The Vernal Equinox began at 1:14 EDT today. Oh yeah, I meant spring.
Dear winter: Hasta la vista!
Don’t let the doorknob hit ‘ya…..
Honestly though, here in the northeast (NYC in particular), we did not have much of a winter. In fact, many are probably saying this morning, winter? What winter?
Who cares, I gladly open my doors to spring!
Below is a tidbit or two from the Old Farmer’s Almanac about spring.
Question: According to folklore, you can stand a raw egg on its end on the equinox. Is this true?
Answer: One spring, a few minutes before the vernal equinox, several Almanac editors tried this trick. For a full workday, 17 out of 24 eggs stood standing. Three days later, we tried this trick again and found similar results. Perhaps 3 days after the equinox was still too near. Try this yourself and let us know what happens!
Signs of Spring
Spring is also the time when worms begin to emerge from the earth, ladybugs land on screen doors, green buds appear, birds chirp, and flowers begin to bloom. The vernal, or spring, equinox signals the beginning of nature’s renewal in the Northern Hemisphere.
You can track when the seasons change by recording animal behaviors and the way that the plants grow. Listen to the new sounds and observe what you hear and see…:
You might have guessed by now that winter affects my sense of humor and optimistic view on life. By the end of January, the winter solstice and lack of sun puts me in a rather strange mindset…………..but don’t worry, I’m better now.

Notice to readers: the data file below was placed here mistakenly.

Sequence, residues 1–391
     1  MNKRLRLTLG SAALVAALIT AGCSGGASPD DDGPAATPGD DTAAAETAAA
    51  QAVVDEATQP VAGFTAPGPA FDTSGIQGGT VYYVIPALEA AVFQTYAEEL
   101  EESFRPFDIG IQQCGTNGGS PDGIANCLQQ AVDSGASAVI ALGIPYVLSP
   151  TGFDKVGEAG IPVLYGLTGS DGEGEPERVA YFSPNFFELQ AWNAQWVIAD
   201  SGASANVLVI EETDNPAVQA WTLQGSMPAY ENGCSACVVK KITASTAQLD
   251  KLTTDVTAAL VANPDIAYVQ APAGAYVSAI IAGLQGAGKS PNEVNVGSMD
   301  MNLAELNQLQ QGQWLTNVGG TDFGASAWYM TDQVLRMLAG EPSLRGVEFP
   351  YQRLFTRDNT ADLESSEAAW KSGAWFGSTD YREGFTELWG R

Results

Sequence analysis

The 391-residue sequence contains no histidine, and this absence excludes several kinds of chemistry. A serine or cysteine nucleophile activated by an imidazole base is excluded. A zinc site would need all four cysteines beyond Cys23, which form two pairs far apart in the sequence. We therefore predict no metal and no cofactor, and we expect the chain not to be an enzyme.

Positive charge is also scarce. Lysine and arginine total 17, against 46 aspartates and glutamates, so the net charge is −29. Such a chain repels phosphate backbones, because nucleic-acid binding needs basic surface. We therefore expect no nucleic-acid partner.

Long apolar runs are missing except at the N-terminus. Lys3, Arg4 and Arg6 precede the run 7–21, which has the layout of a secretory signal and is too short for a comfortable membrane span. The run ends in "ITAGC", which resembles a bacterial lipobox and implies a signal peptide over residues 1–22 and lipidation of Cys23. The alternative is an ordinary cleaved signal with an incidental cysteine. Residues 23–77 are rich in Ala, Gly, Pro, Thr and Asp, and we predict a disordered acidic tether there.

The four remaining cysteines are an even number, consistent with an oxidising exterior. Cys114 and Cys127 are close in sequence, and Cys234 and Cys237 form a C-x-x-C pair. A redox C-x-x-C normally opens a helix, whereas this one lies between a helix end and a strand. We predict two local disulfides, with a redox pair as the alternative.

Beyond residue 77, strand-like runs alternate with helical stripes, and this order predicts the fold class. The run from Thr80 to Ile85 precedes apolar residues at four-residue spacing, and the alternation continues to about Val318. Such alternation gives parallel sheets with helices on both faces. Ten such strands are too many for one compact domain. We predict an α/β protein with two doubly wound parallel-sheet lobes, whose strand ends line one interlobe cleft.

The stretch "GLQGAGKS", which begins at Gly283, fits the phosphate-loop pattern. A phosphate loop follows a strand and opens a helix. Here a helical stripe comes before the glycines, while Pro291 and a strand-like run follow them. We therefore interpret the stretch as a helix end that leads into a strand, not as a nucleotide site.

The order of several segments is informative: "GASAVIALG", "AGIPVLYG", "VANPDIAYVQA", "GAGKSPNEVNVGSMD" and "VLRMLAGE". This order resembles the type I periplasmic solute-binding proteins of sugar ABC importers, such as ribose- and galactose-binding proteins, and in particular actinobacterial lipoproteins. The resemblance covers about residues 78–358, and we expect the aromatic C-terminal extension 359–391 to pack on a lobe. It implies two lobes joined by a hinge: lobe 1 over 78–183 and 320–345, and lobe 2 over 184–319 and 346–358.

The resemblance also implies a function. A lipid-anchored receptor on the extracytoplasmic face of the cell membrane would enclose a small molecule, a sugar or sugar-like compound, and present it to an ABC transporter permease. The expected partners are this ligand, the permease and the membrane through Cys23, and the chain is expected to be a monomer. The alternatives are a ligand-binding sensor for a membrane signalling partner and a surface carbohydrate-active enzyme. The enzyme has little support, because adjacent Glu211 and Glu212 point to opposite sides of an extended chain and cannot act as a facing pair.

Warm sun with temps to match makes it alright with the world except when it comes to the future of my country and assaulting my liberties but I digress.
Back to the subject at hand,
“FIRST DAY OF NORTHERN SPRING: The seasons are changing. Today, March 20th, the sun crossed the celestial equator heading north. This marks the beginning of Spring in the northern hemisphere and Autumn in the southern hemisphere. At this time of year, day and night are of nearly equal length, hence the name “equinox” (equal night).
Good news for sky watchers: Spring is aurora season. For reasons not fully understood by researchers, the weeks around equinoxes are prone to Northern Lights. ‘With the exception of one cloudy night we have now seen the auroras 16 nights in a row,’ reports aurora tour guide Chad Blakley from the Abisko National Park in Sweden. ‘What a season!’ He snapped this picture on March 19th: